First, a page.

With the recent release of a series of stolen e-mails apparently from the University of East Anglia’s Climatic Research Unit seems to have been timed in a way that they would make it to the news just in time for the Copenhagen climate conference. Yet while in themselves, didn’t impact the conference itself as the perpetrators of the deed had hoped. They did on the other hand spawn many inquiries, “all of which cleared the researchers” of any technical faux-pas leaving them with only the appearance of an arrogant attitude when it came to the UK’s Freedom of Information Act. Yet whomever the parties were who spirited these mails from their owners is also planning the release of yet another batch ahead of the upcoming Durban climate meeting.
However the point to note here isn’t about the validity or politics of climate change itself, instead its about e-mails. That wonders invention which ARPNET brought us in the ability to push written messages around to many people at once. As it’s an amazing thing to think that one e-mail can go to millions of people with a push of a single button. While I’m might be pushing the spam envelope here, the reality isn’t too far off as the venerable e-mail has created a new form of communication medium if you will which is connected, persistent and highly replicated.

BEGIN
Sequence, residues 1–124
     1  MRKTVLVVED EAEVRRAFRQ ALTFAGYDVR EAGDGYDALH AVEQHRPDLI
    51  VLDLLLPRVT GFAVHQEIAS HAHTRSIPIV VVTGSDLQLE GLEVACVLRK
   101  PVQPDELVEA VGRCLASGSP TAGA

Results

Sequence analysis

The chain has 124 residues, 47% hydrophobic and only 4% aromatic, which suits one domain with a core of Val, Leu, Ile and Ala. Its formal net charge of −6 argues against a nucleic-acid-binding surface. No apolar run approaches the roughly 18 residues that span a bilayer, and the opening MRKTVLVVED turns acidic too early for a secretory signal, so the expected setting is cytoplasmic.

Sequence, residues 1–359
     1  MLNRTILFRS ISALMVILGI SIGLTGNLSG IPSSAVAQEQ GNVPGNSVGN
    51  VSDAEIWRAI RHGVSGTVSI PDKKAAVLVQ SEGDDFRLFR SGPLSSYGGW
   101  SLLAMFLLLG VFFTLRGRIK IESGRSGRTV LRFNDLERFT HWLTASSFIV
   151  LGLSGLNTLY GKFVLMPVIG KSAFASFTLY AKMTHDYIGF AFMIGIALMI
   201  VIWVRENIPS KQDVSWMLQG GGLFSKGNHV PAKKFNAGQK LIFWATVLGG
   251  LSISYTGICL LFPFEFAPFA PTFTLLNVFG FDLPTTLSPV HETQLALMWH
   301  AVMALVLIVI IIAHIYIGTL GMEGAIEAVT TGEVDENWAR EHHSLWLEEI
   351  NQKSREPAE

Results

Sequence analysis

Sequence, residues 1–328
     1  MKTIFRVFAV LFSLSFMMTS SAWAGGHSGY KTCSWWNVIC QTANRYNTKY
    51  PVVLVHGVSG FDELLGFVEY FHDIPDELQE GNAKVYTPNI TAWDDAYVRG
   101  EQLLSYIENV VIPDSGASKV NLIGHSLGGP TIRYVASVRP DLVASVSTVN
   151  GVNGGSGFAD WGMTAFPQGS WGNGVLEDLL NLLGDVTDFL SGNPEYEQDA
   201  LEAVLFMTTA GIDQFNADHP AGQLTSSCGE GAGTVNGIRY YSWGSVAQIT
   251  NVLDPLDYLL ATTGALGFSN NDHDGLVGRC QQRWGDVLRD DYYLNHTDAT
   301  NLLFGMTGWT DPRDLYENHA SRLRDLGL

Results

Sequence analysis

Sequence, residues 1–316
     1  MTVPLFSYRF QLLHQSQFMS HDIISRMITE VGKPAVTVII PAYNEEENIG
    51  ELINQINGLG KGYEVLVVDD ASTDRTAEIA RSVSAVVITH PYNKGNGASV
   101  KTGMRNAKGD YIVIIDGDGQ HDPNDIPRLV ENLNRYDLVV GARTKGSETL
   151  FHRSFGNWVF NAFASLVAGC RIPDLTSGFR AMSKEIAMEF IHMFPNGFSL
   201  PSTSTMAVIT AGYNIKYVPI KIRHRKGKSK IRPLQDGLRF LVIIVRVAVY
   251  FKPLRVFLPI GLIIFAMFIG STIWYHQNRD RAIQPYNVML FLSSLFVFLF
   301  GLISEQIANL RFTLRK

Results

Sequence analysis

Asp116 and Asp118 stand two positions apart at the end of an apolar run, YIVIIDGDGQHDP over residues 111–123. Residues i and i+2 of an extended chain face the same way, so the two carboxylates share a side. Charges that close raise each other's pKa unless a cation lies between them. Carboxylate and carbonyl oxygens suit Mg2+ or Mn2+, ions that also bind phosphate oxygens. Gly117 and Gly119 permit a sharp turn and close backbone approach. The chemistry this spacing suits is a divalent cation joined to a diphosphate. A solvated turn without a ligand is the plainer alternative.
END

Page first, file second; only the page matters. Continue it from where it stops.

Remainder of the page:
So it is with breaches such as this and other like Wiki-Leaks which show two things with being anything typed in an e-mail is in the public domain like it or not as its replicated over and over by the technology which transports it, so there is no privacy there. Second is it is persistent as it never goes away, as much like stomping out a colony of ants, you will never get them all. The same holds true for e-mails [as with ants] as the copies will do nothing but replicate, so once created they will persist for eternity.
The other thing about e-mails is they are “connected” as unlike a piece of paper one can’t say (claim) its anonymous, as e-mails have a connection to their sender. As they not only have the message, they also carry the path taken to and from their connected source.
Finally it hit me about this story as who cares, yes who cares that these are stolen mails and that someone done some one wrong? It seems our norms have shifted to accept the loss of privacy in our [perceived private] communications being made public. As instead of promoting this as a violation, the concept has been one of rote information sharing and assessment. Just remember the next time you type a mail, information want to be free and there are many people who will help it along the way.